By Bernie Barringer

Hundreds of factors must come together in one shining moment for a buck to reach world record caliber. A long line of big antler genetics must funnel down through the generations into one female deer. This doe must have hit the genetic lottery with a series of big buck sires in the females of her family tree. Then she must breed with a gigantic buck and she must produce a buck fawn, otherwise, all this genetic information will have to be delayed one more year.

Then, of course, this buck fawn must escape the myriad pitfalls that lay out before him. He must escape coyotes, cars, farm equipment and of course hunters. He must live an idyllic lifestyle in comfort with excellent nutrition readily available, and he must do this for five or six years. If all these things come together, out walks a buck carrying a rack larger than the millions and millions of bucks who have come before him.

This all happened on a ranch in Nebraska in the 1950s. A rancher who will remain unnamed had seen three gigantic bucks on his property during the fall of 1958. There was no hunting in Nebraska at that time, the first modern day hunting season for whitetails would not occur until the following fall of 1959. Whitetails had been off limits for half a century and they were expanding their population. The age structure was balanced, with many mature bucks.

In the spring of 1959, this rancher was tending to his cows, which were calving at the time. He walked into a patch of brush to retrieve a newborn calf and discovered two gigantic shed antlers lying a few feet apart. He later sawed off the back of the burrs so they would fit flat against a wall and screwed them above a doorway in a back room of his farmhouse. There they hung for many years.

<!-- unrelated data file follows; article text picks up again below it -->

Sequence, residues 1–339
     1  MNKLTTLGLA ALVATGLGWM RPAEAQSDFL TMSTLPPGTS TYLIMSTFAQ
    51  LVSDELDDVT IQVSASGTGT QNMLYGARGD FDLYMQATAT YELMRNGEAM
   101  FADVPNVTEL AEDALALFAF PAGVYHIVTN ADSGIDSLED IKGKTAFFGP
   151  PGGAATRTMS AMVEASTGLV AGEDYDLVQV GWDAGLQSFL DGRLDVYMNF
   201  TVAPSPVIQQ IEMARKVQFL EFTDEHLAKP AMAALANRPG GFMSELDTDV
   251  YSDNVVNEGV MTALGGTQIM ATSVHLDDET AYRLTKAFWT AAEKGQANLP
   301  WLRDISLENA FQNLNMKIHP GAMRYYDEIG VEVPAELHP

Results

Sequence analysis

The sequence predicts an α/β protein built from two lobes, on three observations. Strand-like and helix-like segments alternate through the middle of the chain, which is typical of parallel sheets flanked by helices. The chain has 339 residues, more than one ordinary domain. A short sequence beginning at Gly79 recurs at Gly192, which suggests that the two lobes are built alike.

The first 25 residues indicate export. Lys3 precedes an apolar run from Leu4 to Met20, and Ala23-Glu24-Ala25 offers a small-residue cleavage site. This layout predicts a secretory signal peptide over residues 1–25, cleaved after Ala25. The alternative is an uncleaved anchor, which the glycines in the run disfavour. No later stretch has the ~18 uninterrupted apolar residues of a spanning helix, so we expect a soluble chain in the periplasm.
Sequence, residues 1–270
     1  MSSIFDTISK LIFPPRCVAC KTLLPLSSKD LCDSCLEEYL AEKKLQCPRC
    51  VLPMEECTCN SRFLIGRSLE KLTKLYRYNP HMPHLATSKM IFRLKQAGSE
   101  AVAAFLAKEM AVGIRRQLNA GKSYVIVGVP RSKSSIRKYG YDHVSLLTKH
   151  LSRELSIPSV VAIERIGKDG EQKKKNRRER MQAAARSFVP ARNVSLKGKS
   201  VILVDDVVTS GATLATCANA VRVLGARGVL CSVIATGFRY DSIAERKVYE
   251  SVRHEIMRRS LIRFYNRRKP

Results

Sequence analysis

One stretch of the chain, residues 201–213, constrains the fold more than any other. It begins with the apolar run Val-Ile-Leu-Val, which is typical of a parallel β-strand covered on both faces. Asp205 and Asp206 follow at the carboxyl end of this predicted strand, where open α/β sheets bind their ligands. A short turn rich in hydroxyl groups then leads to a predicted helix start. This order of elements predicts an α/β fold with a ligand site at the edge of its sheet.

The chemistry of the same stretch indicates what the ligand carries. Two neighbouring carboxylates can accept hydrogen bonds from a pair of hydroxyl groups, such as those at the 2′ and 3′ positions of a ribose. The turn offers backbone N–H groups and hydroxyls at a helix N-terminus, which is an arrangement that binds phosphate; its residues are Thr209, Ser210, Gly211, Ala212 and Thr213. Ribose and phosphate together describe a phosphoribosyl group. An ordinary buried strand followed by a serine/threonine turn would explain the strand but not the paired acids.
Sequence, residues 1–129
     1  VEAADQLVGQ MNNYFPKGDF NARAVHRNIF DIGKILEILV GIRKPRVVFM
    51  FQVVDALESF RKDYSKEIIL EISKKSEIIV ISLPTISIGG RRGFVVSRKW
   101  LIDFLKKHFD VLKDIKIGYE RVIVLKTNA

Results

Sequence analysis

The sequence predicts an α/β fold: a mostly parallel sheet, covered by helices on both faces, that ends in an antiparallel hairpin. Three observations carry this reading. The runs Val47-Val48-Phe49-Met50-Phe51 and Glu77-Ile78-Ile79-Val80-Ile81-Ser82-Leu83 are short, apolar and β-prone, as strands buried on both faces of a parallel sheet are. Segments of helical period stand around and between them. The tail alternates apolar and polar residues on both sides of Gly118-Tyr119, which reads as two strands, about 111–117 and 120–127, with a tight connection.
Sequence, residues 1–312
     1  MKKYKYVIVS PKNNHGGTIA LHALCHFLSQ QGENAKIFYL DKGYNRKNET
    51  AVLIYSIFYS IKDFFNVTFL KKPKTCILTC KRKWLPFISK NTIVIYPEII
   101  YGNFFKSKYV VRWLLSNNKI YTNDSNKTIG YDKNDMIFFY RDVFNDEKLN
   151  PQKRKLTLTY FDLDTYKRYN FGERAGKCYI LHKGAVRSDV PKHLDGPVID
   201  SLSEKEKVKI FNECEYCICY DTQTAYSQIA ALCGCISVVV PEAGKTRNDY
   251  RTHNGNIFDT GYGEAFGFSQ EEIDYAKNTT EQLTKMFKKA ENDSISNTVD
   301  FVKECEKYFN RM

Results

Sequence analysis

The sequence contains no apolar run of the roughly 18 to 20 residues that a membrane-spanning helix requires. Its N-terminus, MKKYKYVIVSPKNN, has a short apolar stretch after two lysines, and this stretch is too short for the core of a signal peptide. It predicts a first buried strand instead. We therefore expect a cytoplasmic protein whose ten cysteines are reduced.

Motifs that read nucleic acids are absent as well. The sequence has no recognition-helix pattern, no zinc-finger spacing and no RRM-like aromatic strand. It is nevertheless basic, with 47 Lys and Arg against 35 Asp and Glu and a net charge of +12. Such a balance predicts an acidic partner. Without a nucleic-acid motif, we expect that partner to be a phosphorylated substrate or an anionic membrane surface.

In the mid-1990s, an outfitter named Tim Condict was talking to ranchers in the area about leasing land for hunting when he asked a rancher if he had any big racks or shed antlers lying around. The rancher said, “No, but the neighbor across the way has a set you aren’t going to believe. I’ve seen the big bucks in the Cabela’s store and they ain’t got nuthin’ like this one!”

That led Tim to the set of sheds that would become known as The General, the largest typical sheds of all time. Details of the transaction which caused those antlers to leave the farmhouse for the first time in 37 years are not known, but the gigantic buck would finally become known to serious whitetail collectors and big buck lovers.

The buck’s main beams are both over 32 inches and mass measurements are as high as 7-1/2. When mounted in a position that they look natural, they have an inside spread of nearly 24 inches. As it is, the buck scored 240 gross typical and nearly 219 net, more than five inches larger than the current Saskatchewan world record held by Milo Hanson. But the shrinking effects of a warm, dry Nebraska farmhouse have taken a large toll. No one, of course, knows exactly how much, but many antler collectors have some estimates.

Antler collector Dick Idol said about the buck, “It’s hardly fair to compare such a rack to a recently harvested one kept indoors from the time of skinning for the short 60-day drying period and then officially measured for the record book. Just in shrinkage alone, these Nebraska sheds could easily have lost as much as 6 to 8 inches in total measurement, especially in this type of rack, which still has 32-plus-inch main beams and a conservative inside spread of nearly 24 inches. Another 8 to 10 inches overall, which this buck conceivably lost, would have put him at 226 1/8 to 228 1/8 net, had the antlers been measured soon after being found back in 1959.”

There have been some other giant sheds found that would be contenders for the world record if the buck was shot by a hunter. The “Kansas King” theoretically scores 217 as a typical with a spread credit included. One of side a giant Iowa buck was found that scored 112 typical. Even with a small spread credit of 20 inches you are looking at a 244 gross typical. It makes you wonder what might have been. And is there a buck out there now that hit the genetic lottery? One as big or bigger than The General?

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